Once the required performance levels have been defined and the gaps have been identified, then discuss the probable causes of the problem. For managers who worry about performance discussions during difficult times, here is a good opportunity to understand the person’s situation.
In some cases, performance might be suffering when an employee has insufficient equipment, technology or resources to get the job done. If an employee’s home is not equipped with the necessary devices, software, communication tools and fast, reliable internet connection that would directly impact their performance. In these cases, some investment might be needed from the company.
In other circumstances the employee will need to change their own behaviour to improve their performance. Planning and goal-setting are essential next steps (and will be discussed in greater detail in the next section).
There are some cases where there are temporarily barriers to an employee’s performance that cannot immediately change. A typical, recent example is when parents are temporarily required to homeschool their kids while also working from home. If that person has less time available for work and competing demands for their attention from young children at home that’s a clear identification of a challenge without an immediate solution.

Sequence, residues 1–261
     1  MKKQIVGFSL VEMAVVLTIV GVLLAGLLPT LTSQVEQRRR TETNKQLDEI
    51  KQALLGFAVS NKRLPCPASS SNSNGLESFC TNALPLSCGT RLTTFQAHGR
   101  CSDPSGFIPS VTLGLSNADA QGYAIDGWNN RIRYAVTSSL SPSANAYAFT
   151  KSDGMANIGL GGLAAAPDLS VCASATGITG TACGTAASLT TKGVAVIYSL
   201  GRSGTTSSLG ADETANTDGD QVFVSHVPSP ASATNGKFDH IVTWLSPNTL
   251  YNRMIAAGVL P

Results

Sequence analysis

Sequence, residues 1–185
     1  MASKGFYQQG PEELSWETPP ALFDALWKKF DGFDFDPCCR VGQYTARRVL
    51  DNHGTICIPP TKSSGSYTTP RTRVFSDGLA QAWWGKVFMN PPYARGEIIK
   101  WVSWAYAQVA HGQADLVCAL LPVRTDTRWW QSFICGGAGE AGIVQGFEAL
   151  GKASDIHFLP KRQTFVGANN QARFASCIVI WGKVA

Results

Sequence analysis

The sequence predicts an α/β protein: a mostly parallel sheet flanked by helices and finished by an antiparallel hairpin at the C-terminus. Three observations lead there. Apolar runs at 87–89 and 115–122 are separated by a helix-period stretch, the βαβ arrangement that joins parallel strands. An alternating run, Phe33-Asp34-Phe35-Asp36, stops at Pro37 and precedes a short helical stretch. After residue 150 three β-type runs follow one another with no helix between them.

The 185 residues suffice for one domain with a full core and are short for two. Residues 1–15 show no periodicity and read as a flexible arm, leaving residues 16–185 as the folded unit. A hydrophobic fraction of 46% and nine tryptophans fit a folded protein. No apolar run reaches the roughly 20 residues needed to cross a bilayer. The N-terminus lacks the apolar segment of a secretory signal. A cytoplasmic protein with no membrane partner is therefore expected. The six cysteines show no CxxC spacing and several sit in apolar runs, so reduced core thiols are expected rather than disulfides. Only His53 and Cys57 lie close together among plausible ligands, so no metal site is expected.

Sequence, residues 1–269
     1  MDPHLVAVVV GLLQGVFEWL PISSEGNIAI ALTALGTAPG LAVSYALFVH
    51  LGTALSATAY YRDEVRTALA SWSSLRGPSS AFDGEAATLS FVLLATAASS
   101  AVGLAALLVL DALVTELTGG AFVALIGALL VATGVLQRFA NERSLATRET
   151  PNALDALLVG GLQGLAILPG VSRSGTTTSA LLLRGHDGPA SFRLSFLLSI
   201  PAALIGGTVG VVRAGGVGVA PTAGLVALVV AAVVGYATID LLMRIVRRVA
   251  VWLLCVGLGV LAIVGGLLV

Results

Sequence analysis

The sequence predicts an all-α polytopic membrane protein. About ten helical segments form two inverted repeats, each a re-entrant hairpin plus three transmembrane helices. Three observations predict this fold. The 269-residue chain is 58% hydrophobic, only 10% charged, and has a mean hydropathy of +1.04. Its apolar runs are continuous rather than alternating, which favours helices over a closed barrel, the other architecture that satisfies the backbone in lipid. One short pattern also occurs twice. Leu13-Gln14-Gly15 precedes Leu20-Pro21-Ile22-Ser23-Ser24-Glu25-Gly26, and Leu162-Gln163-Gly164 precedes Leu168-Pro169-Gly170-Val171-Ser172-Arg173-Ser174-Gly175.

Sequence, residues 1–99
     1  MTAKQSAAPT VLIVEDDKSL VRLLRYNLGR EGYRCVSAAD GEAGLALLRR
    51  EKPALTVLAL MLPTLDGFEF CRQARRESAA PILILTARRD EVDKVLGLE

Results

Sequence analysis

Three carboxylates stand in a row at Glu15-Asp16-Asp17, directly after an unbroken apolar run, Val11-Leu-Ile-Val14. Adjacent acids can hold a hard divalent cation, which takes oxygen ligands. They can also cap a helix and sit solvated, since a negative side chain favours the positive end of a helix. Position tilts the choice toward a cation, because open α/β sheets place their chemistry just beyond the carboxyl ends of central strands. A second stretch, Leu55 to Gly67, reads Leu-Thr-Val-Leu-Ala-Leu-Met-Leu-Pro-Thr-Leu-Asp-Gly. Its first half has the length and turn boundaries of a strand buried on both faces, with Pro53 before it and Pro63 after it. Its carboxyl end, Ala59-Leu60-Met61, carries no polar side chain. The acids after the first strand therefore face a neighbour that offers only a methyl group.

In that case the discussion may centre around about what is a reasonable level of work that can be completed until the conditions are different, along with a clear longer-term plan for performance. Once the situation changes, and kids can safely return to schools, then a different level of performance will be expected.
3) Discuss the required changes
If the manager and employee agrees that behaviour change is needed and have identified some of the causes of problems, the next step should be setting performance goals.
The five As are an excellent framework. Goals should be:
- Agile: reviewed and changed to ensure they are relevant to fit the context
- Accountable: shared with collaborators whether that’s team members or other teams
- Aligned: whether it’s top-down, bottom-up and sideways
- Assessable: can be assessed but with no formulaic linkage to compensation
- Aspirational: a goal which is stretching but not so impossible to achieve that one gives up
It’s best to put these goals in writing so both the manager and employee understands and remembers the goals.
4) Consolidate improvements
What happens with a realignment conversation leads to improved performance? Often, the behaviour change process stops there. Job done, move onto the next crisis. Too often, the last stage of behaviour change is overlooked. Many managers forget that consolidating behaviour change is essential for maintaining that behaviour over the long term.
If there is a change in behaviour (a measurable improvement in performance) this should be a cause for celebration. What could have been a series of difficult conversations leading to an even more difficult retention decision has just become a success story. Two (or more people) have just worked together to improve performance. That’s a potentially virtuous cycle, an upward trajectory that should not be abandoned.
Learn more about realignment conversations: